World Boreal Forests – Largest Biome Taiga

World Boreal Forests

In the uppermost Northern Hemisphere, North America, Europe, and Asia have significant expanses of land. The boreal forests ring the regions immediately south of the Arctic Circle in a vast expanse that easily rivals the rainforest regions of the world. The northern boreal ecoregion accounts for about one-third of this planet’s total forest area. This … Read more

Capreolus Capreolus – Western Roe Deer

Western Roe Deer

Description Distinguishing Features – Small deer; height: average at shoulder 60 – 70cm. Males larger than females; weight: adults 18 – 29kg. Overall coloration, reddish brown in summer, grey in winter. Distinctive black mustache stripe, white chin. Appears tail-less with white/cream rump patch which is especially conspicuous when its hairs are puffed out when the … Read more

Finland – Forests and Forestry

Finland - Forests and Forestry

Forest resources Finland is Europe’s most heavily-forested country. Forests as defined by the FAO cover 23 million hectares or 74.2% of the land area. In Europe, Finland is a “forest giant”, there being over sixteen times more forest per capita than in European countries on average. Finland’s forests have been intensively harvested over the last … Read more

Lycopodium Obscurum – Ground Pine – Lycopodiaceae (Clubmoss Family)

Ground Pine

Description General – Perennial from extensively rooting, deep creeping rhizomes; stems erect, 7 – 30 cm tall, unbranched towards the base, densely branched above, bushy, tree-like. Leaves – Many, dense, in 6 (sometimes to 8) vertical rows, sharp-pointed, linear-lance-shaped. Spore Clusters – in axils of greenish to yellowish brown, pointed, broadly egg-shaped bracts densely clustered … Read more

Thuja Occidentalis – Eastern White Cedar Cupressaceae (Cypress Family)

Thuja occidentalis

The eastern white cedar is also called northern white cedar, arborvitae and swamp-cedar. The name arborvitae or “tree of life” dates from the 16th century when the French explorer Jacques Cartier learned from the Indians how to use the tree’s foliage to treat scurvy. Description General – small-sized, averaging 12 m (40 ft) high, evergreen. … Read more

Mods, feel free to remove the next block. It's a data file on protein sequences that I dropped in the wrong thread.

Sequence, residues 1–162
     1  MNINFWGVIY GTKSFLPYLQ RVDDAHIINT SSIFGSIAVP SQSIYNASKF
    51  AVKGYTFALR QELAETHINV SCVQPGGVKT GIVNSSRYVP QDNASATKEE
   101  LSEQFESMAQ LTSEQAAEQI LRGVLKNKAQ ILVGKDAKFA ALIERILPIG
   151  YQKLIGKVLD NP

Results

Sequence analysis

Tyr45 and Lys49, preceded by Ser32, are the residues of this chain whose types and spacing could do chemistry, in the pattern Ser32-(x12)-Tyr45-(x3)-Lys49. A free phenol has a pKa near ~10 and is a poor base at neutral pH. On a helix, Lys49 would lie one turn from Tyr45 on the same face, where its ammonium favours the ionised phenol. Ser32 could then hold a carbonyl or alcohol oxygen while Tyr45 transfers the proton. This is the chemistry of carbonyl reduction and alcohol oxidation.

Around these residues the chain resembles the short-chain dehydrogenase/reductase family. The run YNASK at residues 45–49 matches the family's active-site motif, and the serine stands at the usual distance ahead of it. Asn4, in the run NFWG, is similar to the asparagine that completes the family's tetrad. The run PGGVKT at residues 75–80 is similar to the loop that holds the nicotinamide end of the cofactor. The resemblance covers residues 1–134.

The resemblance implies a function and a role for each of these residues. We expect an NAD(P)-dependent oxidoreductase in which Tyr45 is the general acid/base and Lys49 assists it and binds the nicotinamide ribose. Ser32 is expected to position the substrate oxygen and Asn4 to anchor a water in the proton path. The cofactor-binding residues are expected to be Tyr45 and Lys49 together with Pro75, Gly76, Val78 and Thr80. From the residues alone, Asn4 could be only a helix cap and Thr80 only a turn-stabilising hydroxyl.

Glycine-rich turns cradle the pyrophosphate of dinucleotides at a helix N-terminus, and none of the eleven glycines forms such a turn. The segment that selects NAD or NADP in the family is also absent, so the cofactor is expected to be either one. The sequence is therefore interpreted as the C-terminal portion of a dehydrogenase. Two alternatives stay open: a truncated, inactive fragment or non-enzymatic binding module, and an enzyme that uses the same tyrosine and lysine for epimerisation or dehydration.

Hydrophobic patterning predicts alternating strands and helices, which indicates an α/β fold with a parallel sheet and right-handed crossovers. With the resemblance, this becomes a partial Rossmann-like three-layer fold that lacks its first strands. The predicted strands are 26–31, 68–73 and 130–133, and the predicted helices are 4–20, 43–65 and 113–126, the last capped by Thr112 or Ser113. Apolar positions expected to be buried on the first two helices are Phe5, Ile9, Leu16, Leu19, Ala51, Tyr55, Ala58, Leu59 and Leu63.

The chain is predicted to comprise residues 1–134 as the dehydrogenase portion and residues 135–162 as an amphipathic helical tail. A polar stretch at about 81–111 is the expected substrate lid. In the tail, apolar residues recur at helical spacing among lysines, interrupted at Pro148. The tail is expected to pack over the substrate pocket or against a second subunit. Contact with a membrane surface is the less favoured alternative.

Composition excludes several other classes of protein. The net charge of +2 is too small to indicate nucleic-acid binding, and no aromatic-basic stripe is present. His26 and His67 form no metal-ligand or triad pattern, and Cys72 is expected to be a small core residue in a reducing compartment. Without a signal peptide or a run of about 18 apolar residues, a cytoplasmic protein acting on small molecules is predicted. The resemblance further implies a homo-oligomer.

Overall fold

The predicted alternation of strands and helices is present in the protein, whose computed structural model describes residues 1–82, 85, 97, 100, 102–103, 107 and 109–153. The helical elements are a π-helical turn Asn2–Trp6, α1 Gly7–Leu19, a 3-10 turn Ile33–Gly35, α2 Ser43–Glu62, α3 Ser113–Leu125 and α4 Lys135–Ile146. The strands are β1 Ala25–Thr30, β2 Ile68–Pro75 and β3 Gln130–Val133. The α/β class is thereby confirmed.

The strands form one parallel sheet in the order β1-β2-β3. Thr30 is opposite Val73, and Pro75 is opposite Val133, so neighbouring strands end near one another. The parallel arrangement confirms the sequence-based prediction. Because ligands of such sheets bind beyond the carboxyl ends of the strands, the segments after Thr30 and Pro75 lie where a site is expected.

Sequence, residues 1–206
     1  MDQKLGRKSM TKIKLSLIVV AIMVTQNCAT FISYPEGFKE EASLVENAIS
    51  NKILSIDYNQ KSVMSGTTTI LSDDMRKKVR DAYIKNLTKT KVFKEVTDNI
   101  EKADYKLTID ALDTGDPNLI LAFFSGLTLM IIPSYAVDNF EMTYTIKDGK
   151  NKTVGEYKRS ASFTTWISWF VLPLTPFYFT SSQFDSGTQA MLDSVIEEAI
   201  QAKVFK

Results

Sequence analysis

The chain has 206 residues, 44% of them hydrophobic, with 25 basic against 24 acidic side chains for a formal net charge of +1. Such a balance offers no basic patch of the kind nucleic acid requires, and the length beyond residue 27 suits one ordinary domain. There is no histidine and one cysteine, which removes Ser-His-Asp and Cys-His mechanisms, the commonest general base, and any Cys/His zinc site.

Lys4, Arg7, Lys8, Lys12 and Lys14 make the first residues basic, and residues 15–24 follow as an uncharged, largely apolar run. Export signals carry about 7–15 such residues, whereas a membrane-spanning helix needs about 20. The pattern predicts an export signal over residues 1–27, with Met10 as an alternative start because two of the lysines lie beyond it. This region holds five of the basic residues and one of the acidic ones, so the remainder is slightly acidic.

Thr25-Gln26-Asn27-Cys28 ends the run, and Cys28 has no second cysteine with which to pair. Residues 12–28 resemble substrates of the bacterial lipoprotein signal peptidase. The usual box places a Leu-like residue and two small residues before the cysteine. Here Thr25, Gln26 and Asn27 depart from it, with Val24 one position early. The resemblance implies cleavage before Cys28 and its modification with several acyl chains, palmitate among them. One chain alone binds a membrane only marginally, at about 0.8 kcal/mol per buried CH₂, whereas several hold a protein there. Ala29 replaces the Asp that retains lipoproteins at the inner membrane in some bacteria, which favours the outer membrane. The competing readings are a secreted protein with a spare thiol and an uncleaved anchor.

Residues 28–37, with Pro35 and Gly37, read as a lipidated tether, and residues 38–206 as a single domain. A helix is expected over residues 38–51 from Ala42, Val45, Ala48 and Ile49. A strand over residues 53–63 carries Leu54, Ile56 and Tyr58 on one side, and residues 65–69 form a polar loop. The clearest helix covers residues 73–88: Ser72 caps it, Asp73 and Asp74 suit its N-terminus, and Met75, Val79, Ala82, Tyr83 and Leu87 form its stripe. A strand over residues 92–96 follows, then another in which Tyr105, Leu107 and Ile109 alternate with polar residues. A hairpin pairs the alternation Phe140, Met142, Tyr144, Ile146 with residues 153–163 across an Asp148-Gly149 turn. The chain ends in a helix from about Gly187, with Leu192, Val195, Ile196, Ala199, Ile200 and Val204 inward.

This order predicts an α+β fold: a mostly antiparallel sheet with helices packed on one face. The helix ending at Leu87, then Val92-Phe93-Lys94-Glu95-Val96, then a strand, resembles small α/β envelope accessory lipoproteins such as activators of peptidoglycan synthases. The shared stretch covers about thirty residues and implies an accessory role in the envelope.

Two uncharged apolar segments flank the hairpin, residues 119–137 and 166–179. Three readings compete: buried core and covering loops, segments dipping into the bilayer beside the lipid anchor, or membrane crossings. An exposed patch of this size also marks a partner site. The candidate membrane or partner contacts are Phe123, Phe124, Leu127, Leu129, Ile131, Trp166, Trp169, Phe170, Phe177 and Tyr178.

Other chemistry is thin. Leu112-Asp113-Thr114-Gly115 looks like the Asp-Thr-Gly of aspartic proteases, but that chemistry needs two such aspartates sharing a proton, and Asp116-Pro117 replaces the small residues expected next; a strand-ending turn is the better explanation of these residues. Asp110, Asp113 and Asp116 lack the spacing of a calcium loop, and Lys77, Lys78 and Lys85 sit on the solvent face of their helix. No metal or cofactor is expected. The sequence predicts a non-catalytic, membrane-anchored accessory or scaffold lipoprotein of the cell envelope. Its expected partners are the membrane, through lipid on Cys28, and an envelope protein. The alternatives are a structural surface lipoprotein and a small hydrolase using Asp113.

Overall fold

Northwestern Ontario Forest – Virtual Zoo: Common Bird Species

Common Bird Species

Click on thumbnailed images for a larger picture and descriptions. Blue Jay Gray Jay “Whiskey Jack” American Robin European Starling Red-winged Blackbird Common Grackle Ovenbird Cedar Waxwing Pine Grosbeak Black-capped Chickadee Song Sparrow Tree Swallow Pilated Woodpecker Red-headed Woodpecker Northern Flicker Ruby-throated Hummingbird” Belted Kingfisher Ruffed Grouse “Partridge” Canada Goose Mallard Wood Duck Loon Herring … Read more

Cathartes Aura – Turkey Vulture

Cathartes Aura - Turkey Vulture

Distinguishing Features – Sexes similar. Large, broad-winged. Long and rounded tail. Plumage, dark brown except for paler flight feathers. Head, red, small, unfeathered. Longish, hooked yellow bill. Rather short, thick reddish legs. Holds wings in a dihedral angle while soaring and gliding. Size – average: 63.5 – 81 cm (25 – 32 in) Habitat The … Read more

Corvus Corax – Common Raven

Corvus Corax - Common Raven

Distinguishing Features – Completely black with purplish or violet reflections, most pronounced on back wings and tail. Male and female indistinguishable but female is slightly smaller. Size – 56 – 67 cm (22.5 – 26.75 in) Habitat Widespread; prefers wide open spaces for foraging and woodlots for nesting; anywhere with an easily accessed supply of … Read more

Corvus Brachyrhynchos – American Crow

Corvus Brachyrhynchos - American Crow

Distinguishing Features – Completely black with greenish or violet reflections, most pronounced on back wings and tail. Male and female indistinguishable but female is slightly smaller. Size – 43 – 53 cm (17.25 – 21.25 in) Habitat Widespread; prefers open spaces for foraging and woodlots for nesting; anywhere with an easily accessed supply of food. … Read more

Nyctea Scandiaca – Snowy Owl

Nyctea Scandiaca - Snowy Owl

Distinguishing Features – As large as the Great Horned Owl but lacks ear tufts. Overall colouration white, barred and spotted with brownish accents. Face, completely white; eyes, large, yellow; legs and toes, heavily feathered. Male is usually white or only lightly marked. Female (pictured below) is somewhat larger and more heavily marked than the male. … Read more